Your Legal Bill launched

Having been involved in legal costs for a number of years few things surprise me.

However, the number of enquiries to our new website Your Legal Bill has been staggering such is the level of disquiet with the cost of legal services.

One recent example involved a person harassed by a utility company. Such was the level of harassment proceedings were commenced and a costs order made in the customers favour. We successfully obtained a default judgement for costs of a few thousand pounds to represent the blood sweat and tears of the customer.

In another case, the client received an order requiring him to pay £6000 in 14 days. The client had been involved in litigation for some time and lost an interim hearing having been abandoned by his solicitor only days before. We not only set that order aside relieving the stress for the client, but reduced the liability for costs to less than £1000.

Go to our website Your Legal Bill to see if we can help you.

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A Judge is supposed to be impartial, knowledgeable and willing to give everyone a fair trial. These are entitlements provided by virtue of the European Court of Human Rights.

So, two hearings in two weeks. The first Judge did not know the civil procedure rules governing portal claims, the second did not understand the fundamental rules governing CFAs and modern practices.

There excuse is that they have only had one day’s training on costs which is less than a costs lawyer undertaking his CPD. So how are they going to cope with the flurry of changes coming into effect over the coming months?

Every decision appealed? For the next 5 years?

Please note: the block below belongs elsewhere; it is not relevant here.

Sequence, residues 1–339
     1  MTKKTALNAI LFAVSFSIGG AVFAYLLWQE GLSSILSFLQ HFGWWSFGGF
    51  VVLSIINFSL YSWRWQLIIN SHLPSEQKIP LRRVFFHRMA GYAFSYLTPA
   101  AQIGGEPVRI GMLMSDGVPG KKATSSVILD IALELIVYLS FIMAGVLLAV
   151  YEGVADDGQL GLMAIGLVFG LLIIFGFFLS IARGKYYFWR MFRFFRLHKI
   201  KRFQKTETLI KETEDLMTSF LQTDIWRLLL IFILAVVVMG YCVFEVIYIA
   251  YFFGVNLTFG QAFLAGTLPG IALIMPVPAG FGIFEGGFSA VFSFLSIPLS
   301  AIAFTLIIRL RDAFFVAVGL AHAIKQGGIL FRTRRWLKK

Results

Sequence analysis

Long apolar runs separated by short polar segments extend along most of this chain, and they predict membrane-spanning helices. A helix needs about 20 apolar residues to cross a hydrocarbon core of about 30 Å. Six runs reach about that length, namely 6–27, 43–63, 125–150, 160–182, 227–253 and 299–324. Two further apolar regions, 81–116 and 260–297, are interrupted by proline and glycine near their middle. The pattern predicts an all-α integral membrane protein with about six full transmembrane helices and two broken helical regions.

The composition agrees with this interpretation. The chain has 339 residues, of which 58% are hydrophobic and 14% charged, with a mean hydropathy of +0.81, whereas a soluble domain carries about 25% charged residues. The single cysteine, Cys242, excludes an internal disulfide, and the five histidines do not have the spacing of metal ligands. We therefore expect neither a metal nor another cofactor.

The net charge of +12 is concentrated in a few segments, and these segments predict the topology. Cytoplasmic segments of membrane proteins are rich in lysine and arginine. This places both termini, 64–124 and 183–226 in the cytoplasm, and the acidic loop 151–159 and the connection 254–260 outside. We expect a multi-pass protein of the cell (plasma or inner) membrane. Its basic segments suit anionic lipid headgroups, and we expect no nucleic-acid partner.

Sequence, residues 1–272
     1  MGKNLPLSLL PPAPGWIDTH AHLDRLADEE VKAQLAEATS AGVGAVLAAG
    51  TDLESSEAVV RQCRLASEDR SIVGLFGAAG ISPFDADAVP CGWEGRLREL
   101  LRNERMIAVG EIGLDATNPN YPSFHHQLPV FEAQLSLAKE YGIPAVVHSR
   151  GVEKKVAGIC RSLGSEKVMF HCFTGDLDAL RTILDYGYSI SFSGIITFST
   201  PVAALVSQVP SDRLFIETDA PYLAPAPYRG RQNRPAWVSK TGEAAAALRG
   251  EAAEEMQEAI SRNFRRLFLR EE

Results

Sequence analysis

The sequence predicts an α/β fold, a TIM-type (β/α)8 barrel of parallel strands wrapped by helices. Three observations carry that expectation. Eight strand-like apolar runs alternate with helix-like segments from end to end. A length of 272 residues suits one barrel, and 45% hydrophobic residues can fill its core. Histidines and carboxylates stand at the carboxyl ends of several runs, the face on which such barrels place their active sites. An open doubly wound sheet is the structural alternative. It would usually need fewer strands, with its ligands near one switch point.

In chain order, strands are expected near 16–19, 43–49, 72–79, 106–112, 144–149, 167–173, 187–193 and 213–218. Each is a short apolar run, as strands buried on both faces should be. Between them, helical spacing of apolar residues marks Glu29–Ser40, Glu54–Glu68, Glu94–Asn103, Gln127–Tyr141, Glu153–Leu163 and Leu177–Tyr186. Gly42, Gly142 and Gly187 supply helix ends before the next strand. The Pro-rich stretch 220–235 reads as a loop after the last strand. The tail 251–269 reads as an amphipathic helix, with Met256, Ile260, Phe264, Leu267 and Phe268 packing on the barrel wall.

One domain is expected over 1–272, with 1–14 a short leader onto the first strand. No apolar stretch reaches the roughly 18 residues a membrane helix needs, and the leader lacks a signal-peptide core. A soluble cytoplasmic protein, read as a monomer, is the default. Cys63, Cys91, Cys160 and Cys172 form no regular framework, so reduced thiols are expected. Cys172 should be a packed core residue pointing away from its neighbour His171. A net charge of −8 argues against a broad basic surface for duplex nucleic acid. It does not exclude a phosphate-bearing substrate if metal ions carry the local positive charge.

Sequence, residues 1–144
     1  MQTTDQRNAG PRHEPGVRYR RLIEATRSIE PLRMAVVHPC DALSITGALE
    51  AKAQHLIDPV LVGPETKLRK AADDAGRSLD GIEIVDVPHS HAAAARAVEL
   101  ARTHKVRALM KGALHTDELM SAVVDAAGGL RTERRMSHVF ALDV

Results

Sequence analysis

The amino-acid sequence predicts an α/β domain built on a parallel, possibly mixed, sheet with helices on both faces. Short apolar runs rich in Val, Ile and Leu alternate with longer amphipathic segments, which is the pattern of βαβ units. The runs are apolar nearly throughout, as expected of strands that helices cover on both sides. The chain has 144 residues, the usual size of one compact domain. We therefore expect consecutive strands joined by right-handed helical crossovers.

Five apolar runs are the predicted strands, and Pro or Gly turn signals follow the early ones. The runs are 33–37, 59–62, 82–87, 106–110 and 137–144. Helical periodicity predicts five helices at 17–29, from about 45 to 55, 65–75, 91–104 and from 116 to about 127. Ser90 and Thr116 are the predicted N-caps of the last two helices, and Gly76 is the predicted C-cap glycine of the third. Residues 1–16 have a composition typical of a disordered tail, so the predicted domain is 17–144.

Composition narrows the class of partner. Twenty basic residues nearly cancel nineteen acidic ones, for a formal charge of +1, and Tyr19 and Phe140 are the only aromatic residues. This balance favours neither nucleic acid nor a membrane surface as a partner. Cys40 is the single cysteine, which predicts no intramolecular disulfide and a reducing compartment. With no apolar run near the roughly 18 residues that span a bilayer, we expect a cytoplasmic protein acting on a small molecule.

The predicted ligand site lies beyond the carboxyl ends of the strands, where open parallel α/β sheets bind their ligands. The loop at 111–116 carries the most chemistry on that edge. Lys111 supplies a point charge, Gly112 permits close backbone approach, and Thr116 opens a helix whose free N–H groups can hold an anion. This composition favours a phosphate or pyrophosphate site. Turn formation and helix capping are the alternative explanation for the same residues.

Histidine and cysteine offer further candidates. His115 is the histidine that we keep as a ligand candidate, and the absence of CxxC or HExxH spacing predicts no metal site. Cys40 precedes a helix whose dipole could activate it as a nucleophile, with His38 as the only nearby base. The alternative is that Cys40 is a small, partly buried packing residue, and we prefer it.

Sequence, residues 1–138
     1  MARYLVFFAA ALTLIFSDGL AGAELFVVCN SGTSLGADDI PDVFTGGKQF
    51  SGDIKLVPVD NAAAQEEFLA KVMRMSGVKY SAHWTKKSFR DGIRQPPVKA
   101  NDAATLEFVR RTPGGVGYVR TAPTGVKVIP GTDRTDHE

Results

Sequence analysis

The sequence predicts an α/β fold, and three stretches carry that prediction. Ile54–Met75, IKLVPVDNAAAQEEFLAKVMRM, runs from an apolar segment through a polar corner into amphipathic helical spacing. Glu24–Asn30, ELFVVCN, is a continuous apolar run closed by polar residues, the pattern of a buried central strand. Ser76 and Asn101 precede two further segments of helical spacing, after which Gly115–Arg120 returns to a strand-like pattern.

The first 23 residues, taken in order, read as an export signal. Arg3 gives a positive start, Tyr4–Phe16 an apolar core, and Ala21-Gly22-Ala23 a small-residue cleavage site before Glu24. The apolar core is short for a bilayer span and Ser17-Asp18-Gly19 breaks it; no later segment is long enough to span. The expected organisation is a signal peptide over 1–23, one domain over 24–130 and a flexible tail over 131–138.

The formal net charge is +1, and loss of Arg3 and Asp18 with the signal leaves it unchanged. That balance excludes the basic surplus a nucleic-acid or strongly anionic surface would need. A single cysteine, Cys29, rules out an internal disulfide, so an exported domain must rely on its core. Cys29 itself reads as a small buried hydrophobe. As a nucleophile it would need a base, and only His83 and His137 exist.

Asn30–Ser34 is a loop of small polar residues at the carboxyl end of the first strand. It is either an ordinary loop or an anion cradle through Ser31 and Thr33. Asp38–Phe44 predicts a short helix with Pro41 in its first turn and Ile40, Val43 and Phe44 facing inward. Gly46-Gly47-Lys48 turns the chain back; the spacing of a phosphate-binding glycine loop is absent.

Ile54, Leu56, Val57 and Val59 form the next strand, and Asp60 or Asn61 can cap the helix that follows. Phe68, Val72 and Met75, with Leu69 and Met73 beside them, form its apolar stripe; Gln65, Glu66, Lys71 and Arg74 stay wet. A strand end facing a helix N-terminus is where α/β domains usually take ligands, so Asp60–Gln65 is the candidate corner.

Losers-judges as they hate costs but will have even more to deal with without sufficient training

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What do you expect from a Solicitor?

When I first became involved in the legal profession back in the time that Noah was building the ark, if you had an accident, you went to see your solicitor who wrote a letter to the defendant to let them know of your intention to claim. You were then sent to see a medical expert to see what was wrong with you. If the doctor said you needed further treatment, then you may get it on the NHS or privately but often this was nine months after the accident.

Likewise, having a business dispute? The only winners were the lawyers.

That was back then. Things are changing.

Various law lords have been advocating the end of the hourly rate and solicitors have been adapting.
What should you expect? A new breed of legal firms is emerging.

Now, if I was to say go and see your solicitor for physio following a car crash, you may think that’s weird but that’s what one firm is doing. Involved in running a business but worried about employee disputes? No problem, we’ve got insurance for that. Business litigation equals fixed fees and before the event insurance – no more sleepless nights worrying about large bills.

If you believe that this type of service would help you, then do not hesitate to contact me and I will gladly put you in touch with a solicitor that goes the extra mile without causing you any difficulties.

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Using a solicitor

When you decide that you need to instruct a solicitor, whether it is for buying a house-conveyancing; accident at work-personal injury; disputing a will, there are a number of things you and your solicitor should do.

First thing is gather as much information together as possible. If it is a debt recovery action for example you need the name and address of the person or company who owes you money, who the manager is, business trading address – things that would make your solicitors jobs simpler. But surely that’s their job I hear you say? Think of it this way – they’re on £200 per hour – finding this info would easily save you £400 plus VAT.

What should your solicitor do?

Give you legal advice – goes without saying – why else would you be there.

Give you advice about how you are going to pay them and how much it will cost. Solicitors are a business and they need to make money. The only way they can do this is if you can and will pay them. The only way they can get you to pay them is if they explain this to you at the outset and give you updated advice throughout the case. Sounds simple – not all do it. The Legal Ombudsman found that information about costs is the most complained about thing where solicitors are concerned. Just because there is a chance you can get your money back from the other side in the case of litigation does not mean you will get it all back.